Councillor Donald Nannestad, Portfolio Holder for Quality Housing, in relation to Universal Credit, reported that he had met with members of the Housing Appeals Panel before Christmas. Action had since been taken which would seek to address the issue and stop unnecessarily summoning tenants in arrears to the Housing Appeals Panel when it was known that their arrears were solely as a result of delays in Universal Credit payments. Councillor Nannestad added that the architects of Universal Credit had no idea how ordinary people lived their lives and that its implementation had a significantly detrimental impact on them and their families, with the assumption that people had money saved up which was not always the case and should not be assumed.


Councillor Gary Hewson said that rough sleeping was a big issue for the city and that the resources put in place via the intervention team should help address the problem and help support the vulnerable people concerned.


Councillor Metcalfe, in response to the points raised, made the following comments:


·         it was right for members of the Council to raise awareness of homelessness and rough sleeping. Rough sleeping accounted for approximately 1% of homelessness cases but was the most visible form that people witnessed on high streets across the country. The City of Lincoln Council dealt with a much larger number of people on a daily basis and had provided real leadership in dealing with this problem, encouraging the participation of other partners. The resources it had put in place would make a difference to the people concerned and sought to significantly address these issues which it was recognised were extremely complex. The support provided by the intervention team needed to be sustained so it would be necessary to find a way to ensure that this was the case;

·         the pressures businesses found themselves under were significant and the living wage did create problems in respect of differentials as a consequence of the uplift each year. This made it very difficult for them to commit to the Lincoln Living Wage Campaign;

·         30 businesses had already signed up to the Lincoln Social Responsibility Charter with another 30 businesses indicating their interested in signing up, with businesses overwhelmingly in favour of the scheme. The scheme sought to give recognition to the qualities that local businesses already had and brought to their communities, with the majority of those signed up far exceeding the minimum point requirements of the Charter. Many businesses provided innovative incentives for its staff, which included:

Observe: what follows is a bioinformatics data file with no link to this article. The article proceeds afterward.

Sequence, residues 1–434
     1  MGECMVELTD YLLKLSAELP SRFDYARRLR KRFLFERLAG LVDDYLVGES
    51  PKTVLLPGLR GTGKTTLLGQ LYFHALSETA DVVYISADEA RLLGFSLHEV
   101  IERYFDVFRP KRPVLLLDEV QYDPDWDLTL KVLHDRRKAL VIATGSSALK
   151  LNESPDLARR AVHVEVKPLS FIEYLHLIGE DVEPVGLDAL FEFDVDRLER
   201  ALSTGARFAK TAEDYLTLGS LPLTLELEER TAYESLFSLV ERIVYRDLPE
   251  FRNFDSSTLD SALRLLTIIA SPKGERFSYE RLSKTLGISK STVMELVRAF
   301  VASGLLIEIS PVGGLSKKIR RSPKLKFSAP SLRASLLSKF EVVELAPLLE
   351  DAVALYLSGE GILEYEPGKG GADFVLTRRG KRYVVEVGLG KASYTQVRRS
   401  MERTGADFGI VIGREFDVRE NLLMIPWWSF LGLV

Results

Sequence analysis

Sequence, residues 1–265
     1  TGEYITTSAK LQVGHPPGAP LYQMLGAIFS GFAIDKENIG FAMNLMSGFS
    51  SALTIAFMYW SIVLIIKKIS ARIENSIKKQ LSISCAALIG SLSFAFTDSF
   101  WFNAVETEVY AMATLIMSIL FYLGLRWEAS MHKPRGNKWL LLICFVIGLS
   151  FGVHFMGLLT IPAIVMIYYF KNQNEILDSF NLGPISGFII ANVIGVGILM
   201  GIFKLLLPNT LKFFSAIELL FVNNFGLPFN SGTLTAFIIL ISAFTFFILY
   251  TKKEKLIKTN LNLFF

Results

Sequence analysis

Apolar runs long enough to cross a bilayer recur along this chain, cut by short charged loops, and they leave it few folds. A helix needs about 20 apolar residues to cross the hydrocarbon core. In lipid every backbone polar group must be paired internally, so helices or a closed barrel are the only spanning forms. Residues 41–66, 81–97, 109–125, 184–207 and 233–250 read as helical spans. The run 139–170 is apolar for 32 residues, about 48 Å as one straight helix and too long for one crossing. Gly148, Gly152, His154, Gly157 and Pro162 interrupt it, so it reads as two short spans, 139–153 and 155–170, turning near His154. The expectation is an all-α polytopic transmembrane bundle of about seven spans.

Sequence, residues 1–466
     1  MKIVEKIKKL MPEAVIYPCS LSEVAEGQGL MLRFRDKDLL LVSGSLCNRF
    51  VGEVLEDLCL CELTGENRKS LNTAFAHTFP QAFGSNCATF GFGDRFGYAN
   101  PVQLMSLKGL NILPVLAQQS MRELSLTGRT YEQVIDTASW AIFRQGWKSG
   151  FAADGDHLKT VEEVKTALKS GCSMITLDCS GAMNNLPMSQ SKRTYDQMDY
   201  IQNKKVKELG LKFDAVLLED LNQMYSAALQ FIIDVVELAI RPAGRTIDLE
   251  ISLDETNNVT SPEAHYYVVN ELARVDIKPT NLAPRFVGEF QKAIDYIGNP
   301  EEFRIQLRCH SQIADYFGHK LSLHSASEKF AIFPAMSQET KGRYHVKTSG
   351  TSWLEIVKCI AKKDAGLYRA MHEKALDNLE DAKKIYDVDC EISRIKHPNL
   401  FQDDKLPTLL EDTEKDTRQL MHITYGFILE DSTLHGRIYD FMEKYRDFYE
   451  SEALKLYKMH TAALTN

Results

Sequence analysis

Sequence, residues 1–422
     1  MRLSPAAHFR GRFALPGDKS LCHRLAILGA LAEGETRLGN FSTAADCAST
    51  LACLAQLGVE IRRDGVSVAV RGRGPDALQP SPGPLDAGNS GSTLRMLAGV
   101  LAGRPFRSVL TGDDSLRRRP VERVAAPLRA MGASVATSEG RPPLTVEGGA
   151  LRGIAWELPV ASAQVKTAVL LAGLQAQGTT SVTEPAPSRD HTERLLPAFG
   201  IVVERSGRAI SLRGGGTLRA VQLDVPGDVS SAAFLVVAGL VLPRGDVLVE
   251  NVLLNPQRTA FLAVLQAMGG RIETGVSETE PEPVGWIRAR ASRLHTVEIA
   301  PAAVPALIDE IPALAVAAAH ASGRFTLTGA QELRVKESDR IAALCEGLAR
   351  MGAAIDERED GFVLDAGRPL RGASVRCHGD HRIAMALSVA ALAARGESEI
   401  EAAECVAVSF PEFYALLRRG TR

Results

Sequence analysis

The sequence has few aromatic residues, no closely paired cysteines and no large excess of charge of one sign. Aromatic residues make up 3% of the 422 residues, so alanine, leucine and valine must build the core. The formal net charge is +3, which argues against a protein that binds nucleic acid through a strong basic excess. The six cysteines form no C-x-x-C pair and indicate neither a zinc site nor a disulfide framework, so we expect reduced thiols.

-       paying the living wage;

-       staff awards schemes;

-       breakfast briefings with senior management;

-       staff talks with senior management;

-       travel to work schemes;

-       career breaks.

He added that lots more such schemes existed in the city which businesses provided for their staff. There were also other examples of the types of things businesses did for their communities, which included:

-       sponsorship;

-       charity events;

-       signing up to the low carbon charter;

-       fair trade;

-       providing opportunities for and taking part in blood donation;

-       food bank donations.

·         the previous Conservative Leader of the Council had cut £267,000 from the neighbourhood working budget to fund a shortfall in the travel concession budget at that time, so it was surprising to hear similar criticism from the opposition on perceived cuts to the neighbourhood working service. The proposals for neighbourhood working had been discussed at length prior to their implementation as it was not possible to have Neighbourhood Working Teams or Boards in every single community of the city, with no other city in the country being able to replicate such a model. The service now consisted of a sensible concentration of resources which was currently focussing on the Sincil Bank area of the city. This project was going very well and in due course other parts of Lincoln would be targeted;

·         the Council had been trying to secure partnership working for some time in relation to asylum seekers and refugees. The County Council was fully on board and would be taking action as necessary. A very small number of people would be coming to different parts of the county;

·         Universal Credit was one of the worst things ever to be put in place for poor people in this country. In terms the Housing Appeals Panel, the Portfolio Holder for Quality Housing had already reported that this would be addressed.


RESOLVED that the report be noted. 

Supporting documents: